XENIA — The excitement is building for the first day of school at the new Greene County Career Center.
While it may not be the first day in the new facility that many imagined, the coronavirus will not dampen the culmination of the four-plus years of work it took to get there.
As he listens to reactions from parents, students and teachers as they step foot into the new building, Superintendent Dave Deskins can’t help but be optimistic for the first day of school.
“We expect excitement,” he said.
Juniors will visit the new facility in the coming days to familiarize themselves with the new 264,000-square-foot layout, while many seniors have already toured.
” … they have been extremely excited by the quality design of the building as well as the industrial, but modest modern appearance,” Deskins said. “The parents who have toured have been very generous with their praise. Our teachers have been moving in the last few weeks and they are overjoyed with their instructional space and access to technology. We are so thankful to our county residents for allowing our students this opportunity.”
Like other districts in the county, Deskins said GCCC administration spent the summer planning for the school year — and adjusting each time the COVID-19 situation changed. Coupled with the final weeks of construction and a move of 10 semi-trailers from the old campus to the new, the summer was far from normal.
But staff members will strive to keep the school year as normal as possible for their students, which is particularly important in a career-technical atmosphere.
“We’re a hands-on school,” Deskins explained. “Welders learn by welding. Hair stylists learn by cutting hair. Nurses learn by building trust and serving patients. We need our students ‘physically present’ in the building to the get the necessary hours of training for various certifications. Our strength is that ‘experiential instruction’ that students can take out into the workforce.”
A hybrid plan will allow students to receive all of their career-technical instruction in their designated labs, while lowering the number of people in the building at one time. Juniors will be in the school one day, then seniors the next. On days when students are not in the building, they will receive online instruction from their academic teachers.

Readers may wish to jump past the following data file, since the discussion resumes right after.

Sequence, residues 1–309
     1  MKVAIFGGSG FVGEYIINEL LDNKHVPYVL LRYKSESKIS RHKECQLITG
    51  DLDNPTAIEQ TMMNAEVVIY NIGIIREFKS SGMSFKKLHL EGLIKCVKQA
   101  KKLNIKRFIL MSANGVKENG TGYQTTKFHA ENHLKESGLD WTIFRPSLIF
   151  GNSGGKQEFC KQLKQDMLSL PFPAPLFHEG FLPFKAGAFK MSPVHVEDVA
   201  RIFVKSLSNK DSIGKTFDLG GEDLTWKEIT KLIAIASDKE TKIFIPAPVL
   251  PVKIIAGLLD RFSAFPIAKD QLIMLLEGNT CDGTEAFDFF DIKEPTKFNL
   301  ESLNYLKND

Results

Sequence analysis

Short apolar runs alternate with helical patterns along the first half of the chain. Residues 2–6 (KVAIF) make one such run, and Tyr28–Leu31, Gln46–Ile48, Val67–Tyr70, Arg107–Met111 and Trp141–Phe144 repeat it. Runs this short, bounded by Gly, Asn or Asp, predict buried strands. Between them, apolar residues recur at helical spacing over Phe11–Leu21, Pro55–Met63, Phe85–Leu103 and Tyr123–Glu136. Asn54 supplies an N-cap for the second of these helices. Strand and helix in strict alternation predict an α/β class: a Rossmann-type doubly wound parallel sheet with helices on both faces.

“This will allow us to isolate students by their career-technical program should an outbreak of multiple Covid cases occur,” Deskins said, adding that students in other unaffected labs could continue instruction.
Juniors will report for their first day on Tuesday, Aug. 25 and seniors on Wednesday, Aug. 26.
Although many will have had a sneak peek, the day will still be full of a whole lot of new.
Before they leave their homes, students will self-assess for COVID-19 symptoms. Partner school districts will provide busing for students who need it as usual.
“We will have temperature monitors at the main entrance for all students to pass through upon entering the building in efforts of preventing folks who may be sick from entering the population,” Deskins added.
Breakfast and lunch will be available for purchase or pick-up each day.
All will wear masks, wash hands in labs, and sanitize at stations throughout the building, and follow traffic flow by walking on the right side of hallways and stairs.
With labs separated and safety measures in place, 730 juniors and seniors from all over the county will still get their chance at hands-on career technical learning in a brand new state-of-the-art facility next week.
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